Until the end of this century, humanity will be able to send astronauts to several key locations in the solar system.
A team of researchers from NASA’s Jet Propulsion Laboratory has calculated how long it will take for humanity to advance in space exploration. Among the planned missions manned by humans, Mars and some of the moons of Jupiter and Saturn are designated.
The preprint with the research results is published on the arXiv portal.
In the 21st century, manned interstellar missions are also planned to be launched on exoplanets about 4 light years away. Humanity will reach the star Proxima Centauri in 2254, but flights to other galaxies will have to be postponed until the end of the 24th century.
According to a team of NASA scientists, when nuclear weapons were developed on Earth, humanity entered the so-called “window of danger.” According to the new document, this window will remain open until reliable colonies are formed outside the Earth.
The paper examines at what point people will be able to leave the Earth and disperse among the stars. Scientists have created a model of development in the first six decades of the space age based on empirical evidence of space exploration and computing power.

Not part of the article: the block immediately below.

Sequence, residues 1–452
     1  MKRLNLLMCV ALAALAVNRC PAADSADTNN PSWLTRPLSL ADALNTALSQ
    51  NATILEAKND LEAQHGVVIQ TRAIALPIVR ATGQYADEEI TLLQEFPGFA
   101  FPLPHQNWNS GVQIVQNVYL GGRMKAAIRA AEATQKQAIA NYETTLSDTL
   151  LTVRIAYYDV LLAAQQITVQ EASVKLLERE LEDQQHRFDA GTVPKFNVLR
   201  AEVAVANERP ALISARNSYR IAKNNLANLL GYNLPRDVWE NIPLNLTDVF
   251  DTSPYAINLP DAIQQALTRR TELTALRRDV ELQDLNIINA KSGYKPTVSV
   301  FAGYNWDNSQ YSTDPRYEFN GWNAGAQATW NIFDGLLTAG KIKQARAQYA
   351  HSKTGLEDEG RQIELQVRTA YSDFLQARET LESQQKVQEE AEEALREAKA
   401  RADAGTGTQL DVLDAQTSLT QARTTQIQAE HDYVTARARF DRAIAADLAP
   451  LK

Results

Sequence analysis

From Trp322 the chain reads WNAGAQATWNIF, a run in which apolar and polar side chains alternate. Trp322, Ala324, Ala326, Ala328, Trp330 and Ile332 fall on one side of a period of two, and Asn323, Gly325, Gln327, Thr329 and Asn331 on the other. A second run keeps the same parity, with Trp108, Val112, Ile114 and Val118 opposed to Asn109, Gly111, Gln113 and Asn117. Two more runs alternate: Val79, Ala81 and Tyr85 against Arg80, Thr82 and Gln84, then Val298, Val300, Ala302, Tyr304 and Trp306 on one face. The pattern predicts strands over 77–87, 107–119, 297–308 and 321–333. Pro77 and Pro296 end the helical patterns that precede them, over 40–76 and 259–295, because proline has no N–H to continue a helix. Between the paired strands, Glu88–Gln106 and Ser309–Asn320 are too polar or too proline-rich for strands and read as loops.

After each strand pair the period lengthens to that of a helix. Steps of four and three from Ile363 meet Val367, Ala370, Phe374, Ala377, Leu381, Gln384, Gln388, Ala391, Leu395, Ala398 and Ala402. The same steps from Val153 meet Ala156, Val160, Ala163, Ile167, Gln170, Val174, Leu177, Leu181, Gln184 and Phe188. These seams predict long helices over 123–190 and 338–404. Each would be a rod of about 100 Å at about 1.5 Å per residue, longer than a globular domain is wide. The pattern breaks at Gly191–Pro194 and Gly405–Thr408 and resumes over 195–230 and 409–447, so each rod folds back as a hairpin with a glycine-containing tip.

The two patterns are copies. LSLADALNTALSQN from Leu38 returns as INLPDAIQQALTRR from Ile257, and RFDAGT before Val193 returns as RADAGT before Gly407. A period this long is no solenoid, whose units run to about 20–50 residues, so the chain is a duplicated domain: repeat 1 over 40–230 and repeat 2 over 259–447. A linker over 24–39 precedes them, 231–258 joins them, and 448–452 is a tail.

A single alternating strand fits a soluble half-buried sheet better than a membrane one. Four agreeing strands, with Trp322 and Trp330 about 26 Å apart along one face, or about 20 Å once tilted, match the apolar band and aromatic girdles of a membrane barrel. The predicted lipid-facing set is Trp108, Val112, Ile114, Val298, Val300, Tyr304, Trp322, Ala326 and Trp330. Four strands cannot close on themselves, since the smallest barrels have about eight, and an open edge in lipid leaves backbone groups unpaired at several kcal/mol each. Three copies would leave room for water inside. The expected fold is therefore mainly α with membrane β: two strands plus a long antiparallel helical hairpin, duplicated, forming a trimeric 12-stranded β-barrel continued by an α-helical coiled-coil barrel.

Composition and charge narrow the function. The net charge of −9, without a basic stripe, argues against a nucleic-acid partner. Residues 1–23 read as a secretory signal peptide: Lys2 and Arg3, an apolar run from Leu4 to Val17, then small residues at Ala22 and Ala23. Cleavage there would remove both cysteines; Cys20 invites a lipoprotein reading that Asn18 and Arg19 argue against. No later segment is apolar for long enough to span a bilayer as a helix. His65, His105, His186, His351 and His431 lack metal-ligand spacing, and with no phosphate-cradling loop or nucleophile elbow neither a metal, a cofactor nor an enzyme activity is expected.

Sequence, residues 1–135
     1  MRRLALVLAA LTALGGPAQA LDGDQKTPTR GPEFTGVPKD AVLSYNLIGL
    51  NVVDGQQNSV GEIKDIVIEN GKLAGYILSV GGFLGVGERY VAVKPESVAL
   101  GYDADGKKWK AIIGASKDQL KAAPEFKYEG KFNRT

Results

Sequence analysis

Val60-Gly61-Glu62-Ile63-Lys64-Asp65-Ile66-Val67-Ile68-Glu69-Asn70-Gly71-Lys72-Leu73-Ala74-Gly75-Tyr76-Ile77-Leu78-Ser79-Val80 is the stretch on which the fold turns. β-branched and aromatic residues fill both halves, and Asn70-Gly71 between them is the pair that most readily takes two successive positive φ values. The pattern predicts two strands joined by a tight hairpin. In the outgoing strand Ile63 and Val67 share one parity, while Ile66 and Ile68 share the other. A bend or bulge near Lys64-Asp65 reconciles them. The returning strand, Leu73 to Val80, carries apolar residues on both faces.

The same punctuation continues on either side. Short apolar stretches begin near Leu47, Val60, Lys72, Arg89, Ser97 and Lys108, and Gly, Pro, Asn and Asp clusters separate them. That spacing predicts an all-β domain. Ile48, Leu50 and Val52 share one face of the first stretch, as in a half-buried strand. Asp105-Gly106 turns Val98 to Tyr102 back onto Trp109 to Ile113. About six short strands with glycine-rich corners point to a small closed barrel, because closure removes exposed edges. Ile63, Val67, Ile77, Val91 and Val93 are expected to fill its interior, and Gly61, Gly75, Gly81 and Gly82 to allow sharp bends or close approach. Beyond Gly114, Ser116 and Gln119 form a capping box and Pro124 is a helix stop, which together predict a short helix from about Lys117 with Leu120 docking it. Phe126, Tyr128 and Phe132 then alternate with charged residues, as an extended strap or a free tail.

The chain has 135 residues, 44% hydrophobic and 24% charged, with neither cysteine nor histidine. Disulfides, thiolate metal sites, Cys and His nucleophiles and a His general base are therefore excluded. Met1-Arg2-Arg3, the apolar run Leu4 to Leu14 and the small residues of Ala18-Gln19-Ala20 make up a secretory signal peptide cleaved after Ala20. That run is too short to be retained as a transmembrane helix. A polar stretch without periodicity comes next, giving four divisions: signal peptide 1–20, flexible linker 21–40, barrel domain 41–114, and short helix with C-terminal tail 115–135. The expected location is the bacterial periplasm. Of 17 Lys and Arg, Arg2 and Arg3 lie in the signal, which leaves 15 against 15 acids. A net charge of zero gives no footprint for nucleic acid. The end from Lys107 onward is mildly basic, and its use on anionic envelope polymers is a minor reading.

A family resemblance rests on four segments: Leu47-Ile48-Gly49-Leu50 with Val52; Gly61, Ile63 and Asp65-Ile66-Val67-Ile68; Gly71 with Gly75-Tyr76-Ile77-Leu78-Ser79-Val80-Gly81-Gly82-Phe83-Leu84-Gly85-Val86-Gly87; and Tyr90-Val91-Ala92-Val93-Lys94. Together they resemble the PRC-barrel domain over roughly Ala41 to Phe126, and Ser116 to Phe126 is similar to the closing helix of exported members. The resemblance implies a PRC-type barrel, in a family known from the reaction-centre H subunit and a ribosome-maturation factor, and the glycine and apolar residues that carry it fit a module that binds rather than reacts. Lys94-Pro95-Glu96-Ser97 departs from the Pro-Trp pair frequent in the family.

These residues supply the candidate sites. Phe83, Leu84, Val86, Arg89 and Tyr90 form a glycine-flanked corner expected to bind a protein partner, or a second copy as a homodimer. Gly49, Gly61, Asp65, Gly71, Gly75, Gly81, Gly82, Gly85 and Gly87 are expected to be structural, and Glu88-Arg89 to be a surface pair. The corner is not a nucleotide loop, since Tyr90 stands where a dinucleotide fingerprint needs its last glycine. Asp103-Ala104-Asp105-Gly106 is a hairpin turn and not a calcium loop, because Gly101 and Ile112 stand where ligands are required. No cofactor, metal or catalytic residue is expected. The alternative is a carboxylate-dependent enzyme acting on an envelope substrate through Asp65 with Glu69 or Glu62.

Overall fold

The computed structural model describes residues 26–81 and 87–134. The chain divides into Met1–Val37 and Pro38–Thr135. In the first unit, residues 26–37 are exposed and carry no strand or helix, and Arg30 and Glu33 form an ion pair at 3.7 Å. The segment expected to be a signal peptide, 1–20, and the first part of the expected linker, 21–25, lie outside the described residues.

If all goes according to plan, then by the end of 2024, humans will again set foot on the moon. NASA’s mission, known as the Artemis program, will be the first manned mission to the moon since Apollo 17 in 1972.
Artemis is considered the first step in preparing for a future mission to the planet Mars, but new research suggests that before the end of this century, humanity must go even further.
In 2038, people will have to land on Mars, and arrive in the asteroid belt around 2064. The study also indicates that travel to the moons of Jupiter and Saturn should be within reach until the early 22nd century. In addition, the moons Titan and Enceladus, orbiting Saturn, and Europa and Callisto, orbiting Jupiter, should be the target of space exploration over the next 80 years.
And finally, in 2254, humans will have to fly to the nearest neighboring star, Proxima Centauri, which is 4.2 light years away, in the constellation Centaurus.
Thus, by the 23rd century, we could reach the boundaries of the solar system, and by the end of the 24th century, we could begin a journey to other star systems.
“An aggressive and sustainable space exploration program, including colonization, is considered fundamental to the long-term survival of the human race,” the authors write.